It was Bell’s 10th win in 13 Midget starts this season, a 77 percent winning percentage and the most wins he’s ever earned in a season (his previous best was seven wins in the 2013 and 2014 seasons).

“To be able to win the last race of the year like that is pretty cool,” the Norman, Oklahoma native said in a media release. “Going to NASCAR has made me a better racecar driver just because it’s taught me things I didn’t learn here on the dirt.

“That’s something I’ve been able to find that when you run these really long races, you learn that you don’t have to lead lap five. You don’t have to lead lap 10. You only have to lead the last lap. That’s something I’ve really tried to apply in midget racing and it seems to have worked.”

Also, Camping World Truck star Matt Crafton made his first career Midget start, advancing to the B Main where he finished 13th, not high enough to advance to the night’s big feature.

There will be little rest for Bell and others: he will attempt to defend his Chili Bowl championship in just over three weeks – January 9-13 at the Tulsa Expo Center.

And just over a month after that, Bell will embark upon his first full season in the NASCAR Xfinity Series, driving for Joe Gibbs Racing.

Your guide to 2018 Cup Series paint schemes

Stewart-Haas Racing
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The 2018 NASCAR Cup season is still two months away from its start with the 60th Daytona 500.

But it’s not too early to start brushing yourself up on the various Cup Series paint schemes that will be on track.

Some teams haven’t made many changes to their cars (Team Penske, Joe Gibbs Racing), while others have completely revamped their looks (Hendrick Motorsports, Roush Fenway Racing).

Here’s your look at all the released paint schemes so far for next season.

This post will be updated.

Jamie McMurray

Brad Keselowski

Source: Lionel Racing

Austin Dillon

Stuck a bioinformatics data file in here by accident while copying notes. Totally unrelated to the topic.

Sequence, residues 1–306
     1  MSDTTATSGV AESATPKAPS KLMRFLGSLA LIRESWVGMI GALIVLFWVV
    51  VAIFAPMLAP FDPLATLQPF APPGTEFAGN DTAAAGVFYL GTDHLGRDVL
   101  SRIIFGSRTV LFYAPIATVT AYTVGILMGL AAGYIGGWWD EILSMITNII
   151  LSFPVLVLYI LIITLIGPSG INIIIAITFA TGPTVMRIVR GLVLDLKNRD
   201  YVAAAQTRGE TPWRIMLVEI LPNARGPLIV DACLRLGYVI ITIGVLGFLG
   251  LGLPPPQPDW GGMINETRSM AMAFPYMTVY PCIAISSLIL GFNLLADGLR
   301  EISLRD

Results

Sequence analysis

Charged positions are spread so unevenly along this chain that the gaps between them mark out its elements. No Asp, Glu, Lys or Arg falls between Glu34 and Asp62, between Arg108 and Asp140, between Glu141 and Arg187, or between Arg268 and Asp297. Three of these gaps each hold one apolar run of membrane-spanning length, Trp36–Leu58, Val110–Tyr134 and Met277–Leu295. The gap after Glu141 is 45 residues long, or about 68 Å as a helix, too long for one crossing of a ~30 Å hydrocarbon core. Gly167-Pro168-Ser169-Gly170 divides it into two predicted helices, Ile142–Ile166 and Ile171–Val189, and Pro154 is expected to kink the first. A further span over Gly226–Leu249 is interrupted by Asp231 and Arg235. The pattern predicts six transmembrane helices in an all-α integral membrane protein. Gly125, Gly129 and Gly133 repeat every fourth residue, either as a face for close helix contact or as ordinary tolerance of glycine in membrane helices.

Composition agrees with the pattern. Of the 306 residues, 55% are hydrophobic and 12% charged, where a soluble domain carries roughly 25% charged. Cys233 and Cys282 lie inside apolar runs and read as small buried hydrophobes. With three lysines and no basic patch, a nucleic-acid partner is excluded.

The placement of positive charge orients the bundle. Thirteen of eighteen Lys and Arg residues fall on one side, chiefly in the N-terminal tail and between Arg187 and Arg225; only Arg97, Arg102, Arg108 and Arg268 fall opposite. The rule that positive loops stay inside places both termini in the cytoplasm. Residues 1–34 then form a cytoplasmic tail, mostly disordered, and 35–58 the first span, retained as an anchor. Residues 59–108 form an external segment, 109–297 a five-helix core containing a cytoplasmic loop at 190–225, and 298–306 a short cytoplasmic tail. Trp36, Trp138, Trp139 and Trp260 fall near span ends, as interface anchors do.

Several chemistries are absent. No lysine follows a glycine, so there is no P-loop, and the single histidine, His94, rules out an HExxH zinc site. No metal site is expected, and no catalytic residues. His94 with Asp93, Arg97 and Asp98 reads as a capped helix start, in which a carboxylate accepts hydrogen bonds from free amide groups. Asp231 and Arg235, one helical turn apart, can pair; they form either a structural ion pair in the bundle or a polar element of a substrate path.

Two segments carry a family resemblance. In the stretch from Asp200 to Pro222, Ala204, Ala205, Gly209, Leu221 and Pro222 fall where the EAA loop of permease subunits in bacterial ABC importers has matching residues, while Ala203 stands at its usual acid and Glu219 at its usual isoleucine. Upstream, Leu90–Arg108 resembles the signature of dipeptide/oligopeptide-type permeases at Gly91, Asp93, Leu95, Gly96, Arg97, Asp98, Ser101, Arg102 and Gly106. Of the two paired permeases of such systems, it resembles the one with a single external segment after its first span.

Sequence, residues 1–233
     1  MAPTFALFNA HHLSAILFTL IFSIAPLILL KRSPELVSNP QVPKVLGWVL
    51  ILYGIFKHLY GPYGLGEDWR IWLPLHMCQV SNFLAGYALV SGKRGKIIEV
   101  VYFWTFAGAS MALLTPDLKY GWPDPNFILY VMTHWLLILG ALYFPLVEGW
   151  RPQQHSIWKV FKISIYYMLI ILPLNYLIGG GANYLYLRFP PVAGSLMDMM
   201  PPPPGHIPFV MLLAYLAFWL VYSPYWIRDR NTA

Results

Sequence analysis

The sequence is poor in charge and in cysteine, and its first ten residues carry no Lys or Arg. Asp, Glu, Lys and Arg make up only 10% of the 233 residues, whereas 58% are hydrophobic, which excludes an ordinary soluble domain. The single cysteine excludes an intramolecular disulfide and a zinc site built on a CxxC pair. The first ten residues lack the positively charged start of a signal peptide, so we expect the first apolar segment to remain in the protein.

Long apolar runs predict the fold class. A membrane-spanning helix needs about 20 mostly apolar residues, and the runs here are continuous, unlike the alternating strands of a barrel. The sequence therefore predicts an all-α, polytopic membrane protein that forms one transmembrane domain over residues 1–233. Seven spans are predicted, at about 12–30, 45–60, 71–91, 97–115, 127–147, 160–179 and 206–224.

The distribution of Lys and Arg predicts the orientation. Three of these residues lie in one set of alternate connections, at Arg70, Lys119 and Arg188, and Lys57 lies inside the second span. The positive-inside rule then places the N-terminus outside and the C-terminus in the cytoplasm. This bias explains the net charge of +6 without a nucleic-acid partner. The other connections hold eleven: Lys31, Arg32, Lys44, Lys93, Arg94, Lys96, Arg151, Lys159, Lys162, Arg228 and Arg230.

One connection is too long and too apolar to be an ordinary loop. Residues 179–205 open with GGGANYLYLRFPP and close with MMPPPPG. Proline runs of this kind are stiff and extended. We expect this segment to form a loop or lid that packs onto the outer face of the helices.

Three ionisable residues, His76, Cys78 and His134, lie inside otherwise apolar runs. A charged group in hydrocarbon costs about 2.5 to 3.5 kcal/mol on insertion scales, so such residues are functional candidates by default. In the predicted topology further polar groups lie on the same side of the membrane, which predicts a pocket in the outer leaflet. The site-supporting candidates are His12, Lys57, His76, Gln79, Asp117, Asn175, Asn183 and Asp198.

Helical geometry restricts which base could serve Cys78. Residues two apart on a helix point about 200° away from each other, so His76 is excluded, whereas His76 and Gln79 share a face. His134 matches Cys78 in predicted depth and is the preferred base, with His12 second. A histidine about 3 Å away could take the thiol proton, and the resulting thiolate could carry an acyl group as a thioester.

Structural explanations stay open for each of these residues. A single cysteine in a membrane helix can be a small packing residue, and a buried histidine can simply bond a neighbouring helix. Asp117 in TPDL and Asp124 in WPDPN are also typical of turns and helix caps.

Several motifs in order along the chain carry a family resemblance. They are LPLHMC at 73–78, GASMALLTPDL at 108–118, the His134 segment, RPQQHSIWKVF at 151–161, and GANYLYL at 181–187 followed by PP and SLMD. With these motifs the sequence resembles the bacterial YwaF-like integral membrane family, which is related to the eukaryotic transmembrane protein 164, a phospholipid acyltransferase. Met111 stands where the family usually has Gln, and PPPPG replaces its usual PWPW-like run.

Lionel Racing
Lionel Racing

 

Kevin Harvick

Lionel Racing
Lionel Racing

Trevor Bayne

Roush Fenway Racing
Lionel Racing

Chase Elliott

Lionel Racing

Aric Almirola

Stewart-Haas Racing

Denny Hamlin

Lionel Racing

Ryan Blaney

Team Penske

Ty Dillon

Lionel Racing

Ricky Stenhouse Jr.

Lionel Racing

Kyle Busch

Lionel Racing

Daniel Suarez

Lionel Racing

Erik Jones

Lionel Racing

Paul Menard

Lionel Racing

Joey Logano

Team Penske
Lionel Racing
Lionel Racing

William Byron

Hendrick Motorsports
Lionel Racing

Ryan Newman

Lionel Racing
Lionel Racing
Richard Childress Racing

Kyle Larson

 

Chip Ganassi Racing

Darrell Wallace Jr.

(Photo by Matt Sullivan/Getty Images for Texas Motor Speedway)

Jimmie Johnson

Martin Truex Jr.

Getty Images
Lionel Racing

Alex Bowman

Nationwide

John Hunter Nemechek’s Christmas came early with Chip Ganassi Racing ride

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Before this week, John Hunter Nemechek‘s best Christmas gift came about seven years ago.

He received an Allison Legacy car, a 3/4-scale stock car with about 110 HP. He raced it throughout the Southeast, competing at Hickory Motor Speedway and Bowman Gray Stadium and other tracks.

“That’s really the deciding factor of what I wanted to race,” Nemechek told NBC Sports on Thursday. “I wanted to get back in stock cars from motorcross. That was really the first stock car I had ever driven. So it was pretty neat to get that for Christmas.”

Nemechek, the son of former Cup driver Joe Nemechek, drove to the series championship in 2012 when he was 15. A year later, he competed in his first two Camping World Truck Series races.

“Without that Allison Legacy car, I wouldn’t be where I’m at right now,” said Nemechek.

Nemechek is a few days removed from being named one of the drivers of Chip Ganassi Racing’s No. 42 Chevrolet in the Xfinity Series next season. The move comes after he spent the last two seasons competing full-time for his family-owned NEMCO Motorsports in the Camping World Truck Series, with two part-time seasons before that.

The 20-year-old driver will join Kyle Larson in sharing the ride, which boasts the same number that Nemechek’s father raced when he earned his first Cup win in 1999. Then he drove for Felix Sabates, who now a co-owner of Chip Ganassi Racing.